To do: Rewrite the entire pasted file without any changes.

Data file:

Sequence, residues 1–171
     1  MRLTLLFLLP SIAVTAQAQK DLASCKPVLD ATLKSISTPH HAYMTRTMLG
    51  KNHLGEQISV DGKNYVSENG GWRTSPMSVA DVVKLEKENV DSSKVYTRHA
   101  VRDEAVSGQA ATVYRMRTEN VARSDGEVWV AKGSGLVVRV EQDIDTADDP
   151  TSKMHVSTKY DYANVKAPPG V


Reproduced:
Sequence, residues 1–171
     1  MRLTLLFLLP SIAVTAQAQK DLASCKPVLD ATLKSISTPH HAYMTRTMLG
    51  KNHLGEQISV DGKNYVSENG GWRTSPMSVA DVVKLEKENV DSSKVYTRHA
   101  VRDEAVSGQA ATVYRMRTEN VARSDGEVWV AKGSGLVVRV EQDIDTADDP
   151  TSKMHVSTKY DYANVKAPPG V